Both movies had a very strong message about the important of family. Both movies were clean and PG. I typically expect some bad stuff that makes me cringe with my kids, and Penguins did have a brief moment like that, but for the most part I was pleased with the movies.

Is there a change in films in the U.S. right now? Are the films becoming more family centric, or do my friends simply lend me good movies?

As the Penguin movie ended the titles played with the song 'Ice Ice Baby'. That song was popular when I was 13 or so. Ironically the star of the film, Jim Carrey, once parodied that song on a t.v. show.

I had these thoughts:

- Jim Carrey doesn't look that old. But he was twice my age when I was a kid. Wow, I'm old.
- This song is over 20 years old... my kids have never heard it before... I told them it was sung by Vanilla Ice. My son said 'um.. what's a Vanilla ice.'.

By No means is Vanilla Ice representative of any kind of quality music of my era. And yet, in my kids minds now, they think 'the music dad listened to when he was our age is bad rap by someone called Vanilla Ice.'

I felt old. My kids were watching a man in a comedy that I watched in comedies when I was their age.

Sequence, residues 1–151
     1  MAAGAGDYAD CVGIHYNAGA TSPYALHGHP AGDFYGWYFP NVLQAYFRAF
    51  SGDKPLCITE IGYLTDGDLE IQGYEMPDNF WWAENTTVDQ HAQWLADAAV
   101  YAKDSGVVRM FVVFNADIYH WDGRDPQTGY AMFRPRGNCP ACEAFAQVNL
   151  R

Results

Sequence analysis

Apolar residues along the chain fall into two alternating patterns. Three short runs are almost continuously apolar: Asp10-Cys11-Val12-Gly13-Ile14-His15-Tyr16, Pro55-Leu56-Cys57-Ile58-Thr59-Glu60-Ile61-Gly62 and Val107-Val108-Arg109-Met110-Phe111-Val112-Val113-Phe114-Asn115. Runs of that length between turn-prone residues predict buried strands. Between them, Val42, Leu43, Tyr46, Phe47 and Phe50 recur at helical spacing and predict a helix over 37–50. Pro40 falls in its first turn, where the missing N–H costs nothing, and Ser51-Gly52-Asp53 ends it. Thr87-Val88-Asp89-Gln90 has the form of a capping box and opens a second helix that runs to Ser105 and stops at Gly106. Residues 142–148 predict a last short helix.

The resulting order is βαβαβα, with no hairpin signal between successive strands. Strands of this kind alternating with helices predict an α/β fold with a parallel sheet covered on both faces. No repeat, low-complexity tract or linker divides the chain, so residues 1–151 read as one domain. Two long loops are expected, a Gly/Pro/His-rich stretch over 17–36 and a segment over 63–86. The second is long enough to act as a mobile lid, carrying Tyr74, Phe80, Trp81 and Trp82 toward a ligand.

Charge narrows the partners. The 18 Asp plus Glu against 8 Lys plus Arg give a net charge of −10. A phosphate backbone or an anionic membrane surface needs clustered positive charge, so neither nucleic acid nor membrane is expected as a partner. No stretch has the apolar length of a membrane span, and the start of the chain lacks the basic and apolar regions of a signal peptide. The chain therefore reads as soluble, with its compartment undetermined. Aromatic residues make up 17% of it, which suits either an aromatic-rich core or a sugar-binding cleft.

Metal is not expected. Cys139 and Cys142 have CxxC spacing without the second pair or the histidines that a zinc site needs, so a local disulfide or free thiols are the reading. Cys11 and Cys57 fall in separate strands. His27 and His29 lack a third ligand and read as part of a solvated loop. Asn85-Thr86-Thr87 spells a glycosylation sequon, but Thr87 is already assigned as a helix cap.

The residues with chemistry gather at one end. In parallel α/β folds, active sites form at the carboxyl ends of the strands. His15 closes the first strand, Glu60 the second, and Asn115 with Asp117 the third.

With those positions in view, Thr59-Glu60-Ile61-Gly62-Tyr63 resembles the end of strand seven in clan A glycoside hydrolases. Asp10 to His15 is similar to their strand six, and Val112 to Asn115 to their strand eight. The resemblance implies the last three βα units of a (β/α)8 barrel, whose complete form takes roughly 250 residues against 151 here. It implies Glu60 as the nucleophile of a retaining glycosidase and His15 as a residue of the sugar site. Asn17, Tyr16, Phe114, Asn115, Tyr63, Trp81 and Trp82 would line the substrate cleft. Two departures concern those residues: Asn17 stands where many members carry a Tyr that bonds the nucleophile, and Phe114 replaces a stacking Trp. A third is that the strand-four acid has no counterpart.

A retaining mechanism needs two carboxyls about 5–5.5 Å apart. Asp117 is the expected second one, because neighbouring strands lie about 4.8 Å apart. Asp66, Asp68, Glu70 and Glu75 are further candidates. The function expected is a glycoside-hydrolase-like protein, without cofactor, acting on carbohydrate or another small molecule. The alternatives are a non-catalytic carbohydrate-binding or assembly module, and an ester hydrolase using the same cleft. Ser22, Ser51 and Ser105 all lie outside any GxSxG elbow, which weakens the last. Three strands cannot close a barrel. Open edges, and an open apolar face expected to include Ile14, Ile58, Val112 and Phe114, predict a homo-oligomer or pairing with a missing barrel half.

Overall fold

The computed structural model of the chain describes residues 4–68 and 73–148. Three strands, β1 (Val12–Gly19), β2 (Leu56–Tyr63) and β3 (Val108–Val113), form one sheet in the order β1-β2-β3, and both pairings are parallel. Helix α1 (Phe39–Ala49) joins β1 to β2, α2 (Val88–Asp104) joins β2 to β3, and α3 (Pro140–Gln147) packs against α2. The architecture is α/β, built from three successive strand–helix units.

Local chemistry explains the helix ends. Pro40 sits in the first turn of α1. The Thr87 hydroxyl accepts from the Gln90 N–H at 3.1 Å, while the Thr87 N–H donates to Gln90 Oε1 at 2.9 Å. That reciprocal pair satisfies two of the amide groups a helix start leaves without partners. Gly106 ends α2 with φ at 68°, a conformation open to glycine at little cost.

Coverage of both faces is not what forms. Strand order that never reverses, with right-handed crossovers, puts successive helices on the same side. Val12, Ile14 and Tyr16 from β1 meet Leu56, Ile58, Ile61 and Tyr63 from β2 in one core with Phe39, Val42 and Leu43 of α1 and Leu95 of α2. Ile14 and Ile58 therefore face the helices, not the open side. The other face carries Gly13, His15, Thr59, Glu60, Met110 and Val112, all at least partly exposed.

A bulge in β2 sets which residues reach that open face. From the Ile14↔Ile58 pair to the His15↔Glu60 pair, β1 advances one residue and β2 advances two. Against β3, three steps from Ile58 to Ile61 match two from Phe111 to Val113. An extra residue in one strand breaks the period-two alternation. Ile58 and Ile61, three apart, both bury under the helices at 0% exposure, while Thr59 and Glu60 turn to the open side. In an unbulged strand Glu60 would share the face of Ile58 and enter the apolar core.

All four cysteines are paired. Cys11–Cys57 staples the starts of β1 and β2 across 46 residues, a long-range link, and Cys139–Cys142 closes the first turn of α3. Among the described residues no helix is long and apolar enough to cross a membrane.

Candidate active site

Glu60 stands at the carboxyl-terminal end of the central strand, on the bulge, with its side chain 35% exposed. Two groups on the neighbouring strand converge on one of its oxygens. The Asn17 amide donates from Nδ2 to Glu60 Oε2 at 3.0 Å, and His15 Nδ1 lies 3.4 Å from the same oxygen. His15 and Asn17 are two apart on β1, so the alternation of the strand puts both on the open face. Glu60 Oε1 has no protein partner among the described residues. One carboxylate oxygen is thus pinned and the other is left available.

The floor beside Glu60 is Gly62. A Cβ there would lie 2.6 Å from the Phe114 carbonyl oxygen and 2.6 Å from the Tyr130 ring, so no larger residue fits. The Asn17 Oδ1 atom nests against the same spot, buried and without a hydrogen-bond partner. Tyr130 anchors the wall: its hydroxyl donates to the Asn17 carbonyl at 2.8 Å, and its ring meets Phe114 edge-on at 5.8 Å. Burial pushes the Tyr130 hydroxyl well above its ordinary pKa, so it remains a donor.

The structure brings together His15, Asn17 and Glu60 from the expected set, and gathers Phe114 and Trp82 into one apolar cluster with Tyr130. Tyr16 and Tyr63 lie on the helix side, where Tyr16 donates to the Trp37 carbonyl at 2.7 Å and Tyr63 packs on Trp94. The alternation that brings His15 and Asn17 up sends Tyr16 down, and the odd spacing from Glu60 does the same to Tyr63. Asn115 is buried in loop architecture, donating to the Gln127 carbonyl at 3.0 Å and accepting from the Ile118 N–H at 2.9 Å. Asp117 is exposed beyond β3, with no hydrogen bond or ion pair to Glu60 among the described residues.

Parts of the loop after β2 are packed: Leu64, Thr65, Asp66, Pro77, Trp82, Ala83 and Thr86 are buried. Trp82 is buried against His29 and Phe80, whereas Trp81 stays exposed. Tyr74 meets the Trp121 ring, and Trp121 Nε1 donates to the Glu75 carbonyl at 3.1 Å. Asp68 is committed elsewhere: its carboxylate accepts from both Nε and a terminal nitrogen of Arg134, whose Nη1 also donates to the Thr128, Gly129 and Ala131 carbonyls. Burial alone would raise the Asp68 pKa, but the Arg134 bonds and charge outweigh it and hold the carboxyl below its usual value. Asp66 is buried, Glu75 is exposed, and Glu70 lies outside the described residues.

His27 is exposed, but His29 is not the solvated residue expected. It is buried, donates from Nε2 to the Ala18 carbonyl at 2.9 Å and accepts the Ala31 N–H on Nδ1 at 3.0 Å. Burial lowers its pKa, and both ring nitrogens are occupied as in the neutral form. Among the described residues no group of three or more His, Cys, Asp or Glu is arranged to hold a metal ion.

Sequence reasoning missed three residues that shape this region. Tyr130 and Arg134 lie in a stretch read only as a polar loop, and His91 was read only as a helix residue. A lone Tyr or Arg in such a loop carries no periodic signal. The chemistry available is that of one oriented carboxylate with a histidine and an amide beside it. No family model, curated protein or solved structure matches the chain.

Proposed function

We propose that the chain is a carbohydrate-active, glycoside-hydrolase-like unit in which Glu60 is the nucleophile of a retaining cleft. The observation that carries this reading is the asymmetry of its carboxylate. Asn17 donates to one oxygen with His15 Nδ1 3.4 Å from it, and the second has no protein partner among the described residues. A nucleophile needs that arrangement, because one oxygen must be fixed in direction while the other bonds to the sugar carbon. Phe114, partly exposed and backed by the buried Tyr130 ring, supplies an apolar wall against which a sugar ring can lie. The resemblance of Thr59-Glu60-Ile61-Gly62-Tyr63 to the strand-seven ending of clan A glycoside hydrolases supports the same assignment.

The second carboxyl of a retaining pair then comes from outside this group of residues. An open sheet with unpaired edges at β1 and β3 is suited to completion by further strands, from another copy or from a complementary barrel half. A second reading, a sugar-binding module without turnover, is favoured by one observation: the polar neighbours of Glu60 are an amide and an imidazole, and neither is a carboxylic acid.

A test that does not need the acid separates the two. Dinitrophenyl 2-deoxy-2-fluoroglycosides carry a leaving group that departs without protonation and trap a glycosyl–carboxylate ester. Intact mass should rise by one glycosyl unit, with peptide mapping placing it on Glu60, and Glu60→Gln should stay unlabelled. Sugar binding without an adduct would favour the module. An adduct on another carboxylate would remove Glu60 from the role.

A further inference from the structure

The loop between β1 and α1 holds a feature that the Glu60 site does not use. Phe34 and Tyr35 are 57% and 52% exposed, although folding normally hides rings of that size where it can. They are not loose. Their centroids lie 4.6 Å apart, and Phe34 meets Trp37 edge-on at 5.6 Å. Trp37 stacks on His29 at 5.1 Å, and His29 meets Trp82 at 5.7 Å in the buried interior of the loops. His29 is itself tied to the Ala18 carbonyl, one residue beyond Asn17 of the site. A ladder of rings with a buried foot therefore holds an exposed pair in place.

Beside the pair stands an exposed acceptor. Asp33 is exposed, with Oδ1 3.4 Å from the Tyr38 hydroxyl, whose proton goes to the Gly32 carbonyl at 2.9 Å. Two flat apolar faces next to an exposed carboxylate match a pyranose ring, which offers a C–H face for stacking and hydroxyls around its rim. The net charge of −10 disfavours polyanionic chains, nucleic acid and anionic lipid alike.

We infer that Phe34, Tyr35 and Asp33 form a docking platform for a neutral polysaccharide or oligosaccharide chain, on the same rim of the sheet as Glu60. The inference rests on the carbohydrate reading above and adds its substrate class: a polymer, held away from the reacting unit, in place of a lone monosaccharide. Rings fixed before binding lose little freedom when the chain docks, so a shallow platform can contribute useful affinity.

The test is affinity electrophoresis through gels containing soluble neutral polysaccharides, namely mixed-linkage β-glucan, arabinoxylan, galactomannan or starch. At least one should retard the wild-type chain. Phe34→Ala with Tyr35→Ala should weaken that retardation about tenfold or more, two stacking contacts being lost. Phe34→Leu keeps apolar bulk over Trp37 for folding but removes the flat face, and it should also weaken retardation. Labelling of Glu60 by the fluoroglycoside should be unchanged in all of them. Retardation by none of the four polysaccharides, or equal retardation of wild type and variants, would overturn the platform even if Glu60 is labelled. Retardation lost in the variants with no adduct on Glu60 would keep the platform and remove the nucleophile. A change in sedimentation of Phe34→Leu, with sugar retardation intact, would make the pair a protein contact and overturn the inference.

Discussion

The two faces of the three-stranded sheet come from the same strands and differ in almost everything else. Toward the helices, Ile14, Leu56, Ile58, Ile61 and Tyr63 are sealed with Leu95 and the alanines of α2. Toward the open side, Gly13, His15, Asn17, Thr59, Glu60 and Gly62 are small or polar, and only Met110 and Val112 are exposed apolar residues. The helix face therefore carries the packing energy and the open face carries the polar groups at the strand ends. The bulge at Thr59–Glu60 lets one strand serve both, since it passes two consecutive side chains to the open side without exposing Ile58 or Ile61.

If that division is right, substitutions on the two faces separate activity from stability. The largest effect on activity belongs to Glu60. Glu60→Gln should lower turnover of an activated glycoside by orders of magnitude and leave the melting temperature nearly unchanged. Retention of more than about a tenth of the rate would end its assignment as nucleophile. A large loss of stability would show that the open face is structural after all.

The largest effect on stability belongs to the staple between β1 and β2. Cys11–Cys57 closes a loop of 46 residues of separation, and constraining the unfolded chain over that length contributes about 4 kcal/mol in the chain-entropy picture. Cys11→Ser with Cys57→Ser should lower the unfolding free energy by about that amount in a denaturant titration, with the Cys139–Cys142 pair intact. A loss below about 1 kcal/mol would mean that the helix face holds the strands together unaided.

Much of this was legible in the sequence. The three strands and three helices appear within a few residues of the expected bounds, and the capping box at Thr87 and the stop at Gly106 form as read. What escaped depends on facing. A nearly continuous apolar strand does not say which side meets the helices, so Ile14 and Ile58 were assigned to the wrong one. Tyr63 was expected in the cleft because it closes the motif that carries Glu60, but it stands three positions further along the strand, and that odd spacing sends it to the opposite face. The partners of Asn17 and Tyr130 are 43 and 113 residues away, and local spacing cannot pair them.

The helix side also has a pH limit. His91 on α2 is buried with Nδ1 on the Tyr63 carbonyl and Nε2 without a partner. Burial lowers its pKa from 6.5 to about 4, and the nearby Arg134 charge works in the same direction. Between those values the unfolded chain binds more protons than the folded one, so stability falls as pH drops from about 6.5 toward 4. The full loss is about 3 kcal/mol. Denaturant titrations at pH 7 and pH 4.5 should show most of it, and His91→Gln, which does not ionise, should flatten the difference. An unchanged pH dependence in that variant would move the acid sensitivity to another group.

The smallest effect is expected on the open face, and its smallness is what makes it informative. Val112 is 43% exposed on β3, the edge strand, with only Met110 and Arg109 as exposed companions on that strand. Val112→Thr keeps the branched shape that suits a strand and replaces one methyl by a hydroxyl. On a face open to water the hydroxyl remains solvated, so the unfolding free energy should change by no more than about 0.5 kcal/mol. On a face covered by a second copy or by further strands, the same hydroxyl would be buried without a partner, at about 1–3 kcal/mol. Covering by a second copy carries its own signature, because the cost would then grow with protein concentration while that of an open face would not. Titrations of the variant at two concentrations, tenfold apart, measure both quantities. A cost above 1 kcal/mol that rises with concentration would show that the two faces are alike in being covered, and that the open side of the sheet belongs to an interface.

Today in church a testimony was given from the high school band trip. The message I heard was that the kids had left what is 'home' to them... to minister in Australia. High school boys who couldn't be bothered to do much more than grunt, suddenly became very talkative when speaking about what their parents do in PNG.

I'm 38 years old. My nephew just graduated high school. My daughter is nearly 13.

Behind me there are a lot of good memories, living in PNG is our current stage in life. It's lasted 5 years thus far, and with your prayers it'll last a while longer too.

My kids are experiencing life for the first time, hearing songs for the first time, seeing thoughts that strike me as having been expressed before, many times.

And I find that entirely encouraging.

There are some hardships right now. Our clinic is closing, the main bridge fell apart today-breaking our supply line, medication is costly, my wife's grandmother has passed on, we have financial need because of the airfare we bought to send her there..... and yet, God has blessed us with 2 kids who are looking at life and have so much potential... they are experiencing it all with wide open eyes. And we get to shape that a little bit more before their time with us is done.

So I can't really get too discouraged. I looked outside today at this beautiful place... and I've heard the testimonies this morning of people reading the Scripture for the first time in their language.

And I'm struck with one theme for the day. Focus on what is important.

(I'll flesh some of this out more throughout the week, to help you pray specifically, but today is Sunday, God's day, and I'm focussing on what is important.)